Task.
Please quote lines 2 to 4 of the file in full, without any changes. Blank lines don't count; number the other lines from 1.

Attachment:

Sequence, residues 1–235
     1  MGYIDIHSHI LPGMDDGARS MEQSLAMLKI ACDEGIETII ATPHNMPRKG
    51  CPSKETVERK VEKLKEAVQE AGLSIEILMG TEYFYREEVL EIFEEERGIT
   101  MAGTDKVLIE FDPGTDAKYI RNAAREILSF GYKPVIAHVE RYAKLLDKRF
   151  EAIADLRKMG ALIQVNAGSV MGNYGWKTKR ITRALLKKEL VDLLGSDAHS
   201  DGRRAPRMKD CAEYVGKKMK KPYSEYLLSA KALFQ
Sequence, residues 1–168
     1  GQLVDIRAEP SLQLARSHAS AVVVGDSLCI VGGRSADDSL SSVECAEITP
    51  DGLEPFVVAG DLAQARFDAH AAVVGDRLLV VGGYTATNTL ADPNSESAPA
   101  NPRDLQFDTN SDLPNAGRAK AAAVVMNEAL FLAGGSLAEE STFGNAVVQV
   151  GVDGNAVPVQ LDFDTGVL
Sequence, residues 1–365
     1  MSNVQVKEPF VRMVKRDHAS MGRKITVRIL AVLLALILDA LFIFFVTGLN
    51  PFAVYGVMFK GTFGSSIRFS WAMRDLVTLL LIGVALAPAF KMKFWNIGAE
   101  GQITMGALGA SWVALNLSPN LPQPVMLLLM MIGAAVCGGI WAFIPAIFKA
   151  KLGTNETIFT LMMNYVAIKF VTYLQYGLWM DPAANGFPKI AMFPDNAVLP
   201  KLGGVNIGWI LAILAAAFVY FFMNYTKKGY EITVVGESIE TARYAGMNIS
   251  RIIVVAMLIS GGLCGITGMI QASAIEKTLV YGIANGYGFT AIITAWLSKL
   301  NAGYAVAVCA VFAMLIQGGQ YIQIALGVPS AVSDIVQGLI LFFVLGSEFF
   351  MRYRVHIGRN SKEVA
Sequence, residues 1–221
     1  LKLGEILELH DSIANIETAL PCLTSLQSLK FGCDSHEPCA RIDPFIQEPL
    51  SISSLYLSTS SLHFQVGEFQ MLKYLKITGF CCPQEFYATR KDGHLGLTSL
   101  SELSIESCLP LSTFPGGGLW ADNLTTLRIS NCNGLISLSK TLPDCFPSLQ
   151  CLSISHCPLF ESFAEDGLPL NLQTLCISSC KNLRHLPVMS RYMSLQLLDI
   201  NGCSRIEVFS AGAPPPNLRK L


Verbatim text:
     1  MGYIDIHSHI LPGMDDGARS MEQSLAMLKI ACDEGIETII ATPHNMPRKG
    51  CPSKETVERK VEKLKEAVQE AGLSIEILMG TEYFYREEVL EIFEEERGIT
   101  MAGTDKVLIE FDPGTDAKYI RNAAREILSF GYKPVIAHVE RYAKLLDKRF